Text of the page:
New exhibit explores roles of women in the Civil War

Jennifer S. Brown | 3/13/2013, 8:37 a.m.

“Living here in Boston,” she said, “where black men are given their freedom, I wonder if white men know the true meaning of brotherhood.”

She determined for herself that the war was really about land — who would own it and who would work it.

Brown said Taylor often wondered if their situation became more hopeless after the Civil War. Both Tubman and Taylor served as nurses during the Civil War. Brown said that they moved from sick bed to sick bed, caring for soldiers who had become stricken with smallpox and other diseases, remarkably never getting sick themselves.

Charlotte Forten, a native of Philadelphia, was sent north by her parents to receive a better education. Living with abolitionists, Forten had the opportunity to study Literature and Teaching at the Salem Normal School, now Salem State University. She became the school’s first African American student and a graduate of the class of 1856. Brown says that Forten was also the first woman of color to teach a class of white students and the first African American woman to journey south during the Civil War to teach freed slaves on the Sea Islands off the coast of South Carolina.

It was during this time that Forten developed a close friendship with Colonel Robert Gould Shaw, Commander of the all Black 54th Massachusetts Regiment during the Sea Island Campaign. Forten documented her experiences of the war, and in one journal entry Brown read her description of Shaw as a “wonderfully lovable person... so noble and pure.”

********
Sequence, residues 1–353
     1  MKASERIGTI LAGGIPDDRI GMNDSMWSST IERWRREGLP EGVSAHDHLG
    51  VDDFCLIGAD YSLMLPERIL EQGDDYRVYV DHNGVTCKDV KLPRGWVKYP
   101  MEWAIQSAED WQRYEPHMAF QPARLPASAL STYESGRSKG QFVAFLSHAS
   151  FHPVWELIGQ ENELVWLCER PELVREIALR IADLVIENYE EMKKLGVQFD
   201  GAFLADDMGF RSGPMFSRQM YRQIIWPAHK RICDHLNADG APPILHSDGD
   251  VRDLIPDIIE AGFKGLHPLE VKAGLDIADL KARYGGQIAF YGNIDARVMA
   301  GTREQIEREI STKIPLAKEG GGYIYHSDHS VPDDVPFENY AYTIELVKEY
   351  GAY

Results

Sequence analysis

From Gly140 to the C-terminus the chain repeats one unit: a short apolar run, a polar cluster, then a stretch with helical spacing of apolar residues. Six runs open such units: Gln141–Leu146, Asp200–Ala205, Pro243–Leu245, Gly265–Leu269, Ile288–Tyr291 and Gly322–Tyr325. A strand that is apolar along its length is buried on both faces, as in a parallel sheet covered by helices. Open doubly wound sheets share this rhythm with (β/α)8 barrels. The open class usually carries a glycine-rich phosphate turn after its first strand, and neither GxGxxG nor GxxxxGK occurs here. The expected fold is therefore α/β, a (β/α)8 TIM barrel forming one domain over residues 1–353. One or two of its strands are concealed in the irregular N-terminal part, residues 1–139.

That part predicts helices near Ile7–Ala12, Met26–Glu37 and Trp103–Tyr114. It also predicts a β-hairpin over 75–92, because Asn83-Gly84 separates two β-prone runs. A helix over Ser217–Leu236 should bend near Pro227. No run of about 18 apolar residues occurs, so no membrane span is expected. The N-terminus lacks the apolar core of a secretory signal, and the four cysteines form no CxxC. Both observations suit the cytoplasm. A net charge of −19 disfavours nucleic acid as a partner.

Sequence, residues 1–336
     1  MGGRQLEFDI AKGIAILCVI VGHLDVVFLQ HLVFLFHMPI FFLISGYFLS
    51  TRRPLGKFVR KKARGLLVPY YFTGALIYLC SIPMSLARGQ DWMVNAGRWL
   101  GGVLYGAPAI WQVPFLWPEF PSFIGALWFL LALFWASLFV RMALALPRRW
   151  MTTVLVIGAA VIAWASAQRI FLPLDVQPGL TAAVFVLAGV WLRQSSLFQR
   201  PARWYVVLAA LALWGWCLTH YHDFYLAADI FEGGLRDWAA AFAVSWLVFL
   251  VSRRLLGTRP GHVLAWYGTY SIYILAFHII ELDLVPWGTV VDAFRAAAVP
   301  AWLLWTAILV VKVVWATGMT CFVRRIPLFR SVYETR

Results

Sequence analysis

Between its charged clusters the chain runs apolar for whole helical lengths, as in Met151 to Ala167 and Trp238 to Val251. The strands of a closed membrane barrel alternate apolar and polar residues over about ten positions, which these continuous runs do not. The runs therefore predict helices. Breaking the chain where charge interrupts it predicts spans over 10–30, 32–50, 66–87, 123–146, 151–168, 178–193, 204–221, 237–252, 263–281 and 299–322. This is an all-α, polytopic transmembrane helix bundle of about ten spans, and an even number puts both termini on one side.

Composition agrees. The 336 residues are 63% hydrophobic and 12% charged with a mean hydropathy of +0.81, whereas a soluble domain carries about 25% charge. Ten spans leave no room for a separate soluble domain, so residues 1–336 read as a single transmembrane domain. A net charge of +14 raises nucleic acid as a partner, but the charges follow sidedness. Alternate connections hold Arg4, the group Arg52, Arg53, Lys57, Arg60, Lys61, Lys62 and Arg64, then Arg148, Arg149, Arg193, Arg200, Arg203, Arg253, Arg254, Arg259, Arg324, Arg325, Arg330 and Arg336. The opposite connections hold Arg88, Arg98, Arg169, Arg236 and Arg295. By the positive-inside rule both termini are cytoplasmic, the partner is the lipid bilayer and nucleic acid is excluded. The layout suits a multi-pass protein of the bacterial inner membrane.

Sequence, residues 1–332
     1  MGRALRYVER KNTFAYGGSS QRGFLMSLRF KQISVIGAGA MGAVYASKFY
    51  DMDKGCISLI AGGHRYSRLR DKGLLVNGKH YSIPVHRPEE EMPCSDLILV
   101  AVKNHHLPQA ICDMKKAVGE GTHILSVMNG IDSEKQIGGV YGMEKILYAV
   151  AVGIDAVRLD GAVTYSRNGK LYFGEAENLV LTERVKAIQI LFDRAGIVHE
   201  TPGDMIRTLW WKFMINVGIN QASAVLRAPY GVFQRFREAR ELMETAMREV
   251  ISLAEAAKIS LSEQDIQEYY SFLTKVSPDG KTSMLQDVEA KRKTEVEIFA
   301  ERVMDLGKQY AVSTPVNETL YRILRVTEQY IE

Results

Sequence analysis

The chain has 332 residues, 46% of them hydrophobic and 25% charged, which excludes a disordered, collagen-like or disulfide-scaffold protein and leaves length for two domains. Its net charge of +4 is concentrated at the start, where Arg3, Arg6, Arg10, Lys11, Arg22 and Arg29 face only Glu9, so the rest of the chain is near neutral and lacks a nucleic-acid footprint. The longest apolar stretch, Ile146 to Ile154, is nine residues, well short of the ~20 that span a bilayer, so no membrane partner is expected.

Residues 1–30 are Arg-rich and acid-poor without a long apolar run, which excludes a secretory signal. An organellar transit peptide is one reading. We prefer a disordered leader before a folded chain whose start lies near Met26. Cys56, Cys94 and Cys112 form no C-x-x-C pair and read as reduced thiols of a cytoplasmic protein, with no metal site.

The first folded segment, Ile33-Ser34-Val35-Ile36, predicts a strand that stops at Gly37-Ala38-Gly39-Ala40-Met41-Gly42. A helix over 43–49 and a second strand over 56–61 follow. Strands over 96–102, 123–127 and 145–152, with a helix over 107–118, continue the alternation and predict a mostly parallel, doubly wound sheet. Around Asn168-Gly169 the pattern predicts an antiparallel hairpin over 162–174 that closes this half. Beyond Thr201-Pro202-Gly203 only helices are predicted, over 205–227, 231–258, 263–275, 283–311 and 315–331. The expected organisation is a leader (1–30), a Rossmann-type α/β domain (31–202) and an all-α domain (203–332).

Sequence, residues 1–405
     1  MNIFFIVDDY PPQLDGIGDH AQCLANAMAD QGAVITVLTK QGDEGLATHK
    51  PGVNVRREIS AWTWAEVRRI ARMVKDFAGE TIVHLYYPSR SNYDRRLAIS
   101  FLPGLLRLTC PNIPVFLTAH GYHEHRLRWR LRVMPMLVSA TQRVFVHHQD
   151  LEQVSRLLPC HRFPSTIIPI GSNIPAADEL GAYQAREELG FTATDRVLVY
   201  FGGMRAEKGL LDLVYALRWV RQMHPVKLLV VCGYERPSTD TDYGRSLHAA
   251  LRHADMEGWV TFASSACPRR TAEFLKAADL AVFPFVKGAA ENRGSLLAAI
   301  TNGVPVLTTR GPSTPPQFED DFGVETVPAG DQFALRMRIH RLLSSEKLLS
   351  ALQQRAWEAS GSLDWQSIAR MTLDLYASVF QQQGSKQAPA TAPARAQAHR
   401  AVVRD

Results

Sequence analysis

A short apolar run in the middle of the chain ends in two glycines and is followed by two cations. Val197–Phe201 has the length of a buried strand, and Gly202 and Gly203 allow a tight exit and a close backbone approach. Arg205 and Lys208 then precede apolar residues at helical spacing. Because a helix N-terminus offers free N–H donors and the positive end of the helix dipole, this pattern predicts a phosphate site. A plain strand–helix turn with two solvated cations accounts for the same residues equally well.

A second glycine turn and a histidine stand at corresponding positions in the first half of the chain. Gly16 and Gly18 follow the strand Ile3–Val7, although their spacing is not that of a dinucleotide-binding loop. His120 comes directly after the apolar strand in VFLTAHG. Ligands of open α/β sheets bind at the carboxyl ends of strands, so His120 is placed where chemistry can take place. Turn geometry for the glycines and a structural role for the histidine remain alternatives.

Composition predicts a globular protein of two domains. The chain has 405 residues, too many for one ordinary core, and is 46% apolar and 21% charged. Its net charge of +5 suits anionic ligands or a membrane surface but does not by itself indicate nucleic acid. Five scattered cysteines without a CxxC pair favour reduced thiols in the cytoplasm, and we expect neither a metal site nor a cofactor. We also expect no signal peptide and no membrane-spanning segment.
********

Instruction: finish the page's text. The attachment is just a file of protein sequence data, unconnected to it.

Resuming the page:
She also wrote, “I hope to have the pleasure of seeing him again.” It was no surprise that Forten was grief-stricken and devastated when members of the 54th Regiment and Colonel Shaw were attacked and killed on Fort Wagner.

Forten wrote, “Oh how sad, it’s too terrible to write... I can write no more.”

Upon closer examination of both the women’s lives, Brown emphasizes how the Civil War prompted Susie King Taylor to write her memoirs, but in direct contrast, the Civil War had an opposite effect on Charlotte Forten, bringing her to a place where she could write no more.

As the lecture came to a close, one audience member inquired about any periods of self-doubt experienced by the woman. Brown suggests that while each women experienced the war individually and endured their own struggles, all of them sensed that their actions and purpose served something higher and were a part of something bigger and greater.

It is because of this fact, Brown said, that “they had the ability to overcome.”

Before ending the lecture portion of the event, Beverly Morgan Welch and Boston Postmaster James J. Holland awarded descendants of John J. Smith, William Lloyd Garrison, Norwood Penrose Hallowell and Augustus Monroe plaques of the Emancipation Proclamation Stamp commemorating the 150th anniversary of the Emancipation Proclamation.